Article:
I learned three important lessons, though. The first, choose your business partners very carefully. In some situations I may have considered forging ahead but I learned a lot about this person through this experience that raised other questions than just the equity. Trust is critical between founders. There should be trust that if contributions change significantly, then equity may be redistributed. I don't believe this should be done lightly; however, there need to be thresholds set where you will agree to reallocate if they are exceeded. We actually did set these, but they were not honored.

Second, don't get emotionally attached. I believe in the idea we have created; however, I do not believe the opportunity cost of going forward in the current relationship versus exploring something new is worth it. It would definitely require 3-5 years (or longer) to reach an exit from this venture. There are enough ideas out there that I can take what I have learned in the past year and apply it to a different venture.

The last lesson is to consider everything a learning experience. Even though this did not work out, I do not regret the last year. Everything I learned will be helpful towards my next venture and I certainly had more fun in the past 15 months than in any "job" I have ever had.

posted on Saturday, June 24, 2006 at 1:15 PM by David

My first experience was the opposite of Dharmesh's post, but over time I have come to realize that it was a fluke.

A high school buddy and I formed a software company with 50/50 split, we spent seven years building it, even raised some VC money (they didn't like the 50/50 split at all). In the whole time, we never had an argument or major disagreement. We sold out to a public company 11 years ago, and we still meet for lunch once or twice a month.

Since then I've been involved with numerous startups and have seen the above-mentioned problems with 50/50 or 33/33/33.

Despite my one very good experience with 50/50, I would definitely agree with this post.

posted on Friday, July 07, 2006 at 5:20 PM by Roy Smith

why determine all % from beginning?
it's near impossible to guess what will happen which is why I created this google spreadsheet (still somehwat rough)
just save a copy to play with it
it's pretty straightforward and requires there be one "decider" who is kept in check by a rule that he not be payed more than a predetermined rate.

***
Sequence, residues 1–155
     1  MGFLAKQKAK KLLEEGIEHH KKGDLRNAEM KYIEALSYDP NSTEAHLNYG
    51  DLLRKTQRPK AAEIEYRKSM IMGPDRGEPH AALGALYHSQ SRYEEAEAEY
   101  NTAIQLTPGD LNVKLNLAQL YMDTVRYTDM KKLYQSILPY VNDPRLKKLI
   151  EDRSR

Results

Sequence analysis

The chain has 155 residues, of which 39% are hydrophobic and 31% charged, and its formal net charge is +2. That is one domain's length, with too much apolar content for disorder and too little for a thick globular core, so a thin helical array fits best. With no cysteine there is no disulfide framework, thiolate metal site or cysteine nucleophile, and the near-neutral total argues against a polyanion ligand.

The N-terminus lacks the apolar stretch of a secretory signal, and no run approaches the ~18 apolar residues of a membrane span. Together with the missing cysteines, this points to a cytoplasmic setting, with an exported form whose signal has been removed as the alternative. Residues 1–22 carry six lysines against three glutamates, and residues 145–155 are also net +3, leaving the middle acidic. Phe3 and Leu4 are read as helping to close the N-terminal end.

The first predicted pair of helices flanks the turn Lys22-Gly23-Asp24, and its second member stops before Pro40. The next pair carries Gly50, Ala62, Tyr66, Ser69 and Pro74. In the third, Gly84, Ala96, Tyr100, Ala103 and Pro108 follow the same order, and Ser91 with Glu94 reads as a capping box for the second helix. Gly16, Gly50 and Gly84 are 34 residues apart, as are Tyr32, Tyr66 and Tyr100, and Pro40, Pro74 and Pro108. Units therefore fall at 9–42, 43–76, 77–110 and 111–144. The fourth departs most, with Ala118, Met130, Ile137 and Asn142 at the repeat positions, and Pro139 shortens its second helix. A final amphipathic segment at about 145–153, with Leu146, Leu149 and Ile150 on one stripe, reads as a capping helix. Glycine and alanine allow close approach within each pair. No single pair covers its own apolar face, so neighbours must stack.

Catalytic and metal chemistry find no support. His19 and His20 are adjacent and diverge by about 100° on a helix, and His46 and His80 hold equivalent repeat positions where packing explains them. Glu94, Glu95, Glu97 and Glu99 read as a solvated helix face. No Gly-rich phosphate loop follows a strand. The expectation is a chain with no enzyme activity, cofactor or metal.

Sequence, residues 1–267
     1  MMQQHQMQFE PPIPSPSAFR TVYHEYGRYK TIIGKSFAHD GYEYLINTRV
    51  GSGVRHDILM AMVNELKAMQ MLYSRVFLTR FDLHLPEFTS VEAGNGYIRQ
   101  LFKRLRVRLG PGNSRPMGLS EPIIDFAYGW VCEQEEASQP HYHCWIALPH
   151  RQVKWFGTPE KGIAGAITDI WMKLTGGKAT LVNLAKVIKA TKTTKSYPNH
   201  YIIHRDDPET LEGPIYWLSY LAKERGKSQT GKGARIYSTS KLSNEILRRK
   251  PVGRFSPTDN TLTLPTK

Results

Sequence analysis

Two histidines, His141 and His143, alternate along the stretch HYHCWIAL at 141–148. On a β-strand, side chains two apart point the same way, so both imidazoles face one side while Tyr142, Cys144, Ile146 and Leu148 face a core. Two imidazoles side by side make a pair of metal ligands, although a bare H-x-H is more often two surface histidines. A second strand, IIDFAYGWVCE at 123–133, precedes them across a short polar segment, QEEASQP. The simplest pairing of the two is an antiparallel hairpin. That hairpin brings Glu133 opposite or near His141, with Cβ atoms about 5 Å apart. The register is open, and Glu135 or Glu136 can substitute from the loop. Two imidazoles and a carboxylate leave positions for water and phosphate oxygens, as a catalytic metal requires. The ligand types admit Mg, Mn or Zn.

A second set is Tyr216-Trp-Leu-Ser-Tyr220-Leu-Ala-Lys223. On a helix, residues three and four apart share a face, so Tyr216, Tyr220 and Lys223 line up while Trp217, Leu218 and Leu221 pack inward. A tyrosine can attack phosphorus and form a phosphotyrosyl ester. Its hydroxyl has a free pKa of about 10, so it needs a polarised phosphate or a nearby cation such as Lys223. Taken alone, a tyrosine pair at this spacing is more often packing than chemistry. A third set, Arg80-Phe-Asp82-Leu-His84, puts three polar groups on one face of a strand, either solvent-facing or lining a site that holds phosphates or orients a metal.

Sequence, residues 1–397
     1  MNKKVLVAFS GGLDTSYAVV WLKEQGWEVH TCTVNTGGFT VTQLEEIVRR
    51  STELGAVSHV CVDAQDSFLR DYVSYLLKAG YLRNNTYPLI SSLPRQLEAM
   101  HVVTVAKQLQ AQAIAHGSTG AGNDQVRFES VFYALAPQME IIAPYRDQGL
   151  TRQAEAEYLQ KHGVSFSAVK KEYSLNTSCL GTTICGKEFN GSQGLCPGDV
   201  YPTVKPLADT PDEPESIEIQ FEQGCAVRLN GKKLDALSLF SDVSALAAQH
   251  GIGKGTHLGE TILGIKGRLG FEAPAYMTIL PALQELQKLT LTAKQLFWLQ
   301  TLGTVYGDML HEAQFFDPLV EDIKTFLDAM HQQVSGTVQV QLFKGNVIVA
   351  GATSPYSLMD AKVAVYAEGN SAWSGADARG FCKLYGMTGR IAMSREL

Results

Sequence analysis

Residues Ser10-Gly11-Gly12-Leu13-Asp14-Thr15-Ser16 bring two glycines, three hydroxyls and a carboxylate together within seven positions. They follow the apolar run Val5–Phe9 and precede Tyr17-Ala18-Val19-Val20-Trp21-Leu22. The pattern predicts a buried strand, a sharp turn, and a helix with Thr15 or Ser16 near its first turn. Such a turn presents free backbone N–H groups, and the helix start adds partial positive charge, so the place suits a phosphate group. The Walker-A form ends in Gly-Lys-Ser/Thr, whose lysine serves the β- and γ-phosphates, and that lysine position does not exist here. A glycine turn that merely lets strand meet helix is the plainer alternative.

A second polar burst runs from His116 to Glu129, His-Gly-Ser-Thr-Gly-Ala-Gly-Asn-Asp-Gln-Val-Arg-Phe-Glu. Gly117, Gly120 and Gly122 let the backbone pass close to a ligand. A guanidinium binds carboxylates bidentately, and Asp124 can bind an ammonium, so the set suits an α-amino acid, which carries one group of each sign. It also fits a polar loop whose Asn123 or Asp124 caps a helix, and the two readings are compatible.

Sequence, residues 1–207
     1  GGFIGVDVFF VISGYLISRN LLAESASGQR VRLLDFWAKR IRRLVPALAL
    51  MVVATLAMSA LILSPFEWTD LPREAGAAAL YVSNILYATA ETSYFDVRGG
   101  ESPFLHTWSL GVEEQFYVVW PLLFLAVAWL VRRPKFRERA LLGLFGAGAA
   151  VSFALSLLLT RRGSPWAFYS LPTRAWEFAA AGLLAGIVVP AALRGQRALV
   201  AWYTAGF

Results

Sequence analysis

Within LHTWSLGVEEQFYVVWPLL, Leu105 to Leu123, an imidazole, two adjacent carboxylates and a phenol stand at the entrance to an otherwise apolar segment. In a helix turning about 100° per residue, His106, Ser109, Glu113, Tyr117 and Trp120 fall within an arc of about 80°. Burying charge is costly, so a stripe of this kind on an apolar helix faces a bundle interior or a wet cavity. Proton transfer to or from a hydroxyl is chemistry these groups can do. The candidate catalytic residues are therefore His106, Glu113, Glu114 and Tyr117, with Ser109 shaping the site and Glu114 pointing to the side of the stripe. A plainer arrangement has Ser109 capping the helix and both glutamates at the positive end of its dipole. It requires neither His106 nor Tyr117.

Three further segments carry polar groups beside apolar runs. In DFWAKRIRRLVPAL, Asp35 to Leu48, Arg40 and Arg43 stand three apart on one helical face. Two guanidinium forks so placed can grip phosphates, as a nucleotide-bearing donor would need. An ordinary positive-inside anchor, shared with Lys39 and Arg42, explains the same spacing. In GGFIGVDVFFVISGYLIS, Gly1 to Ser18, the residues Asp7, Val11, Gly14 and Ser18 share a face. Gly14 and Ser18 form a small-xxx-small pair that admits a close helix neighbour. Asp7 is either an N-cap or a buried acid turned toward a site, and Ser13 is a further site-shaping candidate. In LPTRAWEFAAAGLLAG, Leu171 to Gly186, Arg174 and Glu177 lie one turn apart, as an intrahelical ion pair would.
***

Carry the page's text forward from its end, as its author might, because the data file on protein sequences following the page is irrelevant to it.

It ensures fairness no matter what happens to the company - investment, purchase, hiring, firing, quitting etc.
It could be made much more sophisticated, it's just a start.

I named it "friend keeper" for obvious reasons.

posted on Thursday, November 16, 2006 at 8:02 PM by Jeff Krupman

Control over the company goes hand in hand with this too. If someone has more equity (more risk) wrapped up in an endeavor, they are naturally going to demand more control over decisions. And deservedly so. 

posted on Tuesday, July 29, 2008 at 2:09 PM by jquaglia

i was stupid enough to trust my partners to be fair and not negociate a management contract in a 50/50%company. they put an initial investment of 30,000euros..and out of that after 4 years made 4 shops, invoiced 500,000euros,.recuperated losses , made profit...never got a salary.any money at all!!!!..and now they claim they had as much input as myself in the company and that my claims for a misery salary of 1200,euros are unfounded.legally they are in the right .NEVER AGAIN anyone want to buy???

posted on Thursday, March 26, 2009 at 2:13 AM by dahlia

This could be a series of articles on common issues faced by founders of startups. Honestly, many of my ideas for projects/ventures have languished mainly because I did not have a good grasp of what would be the "right" amount of equity to offer people when I could not afford to simply pay for their services. Would love to see this topic expanded.

posted on Tuesday, April 21, 2009 at 12:33 AM by Tariq Nisar Ahmed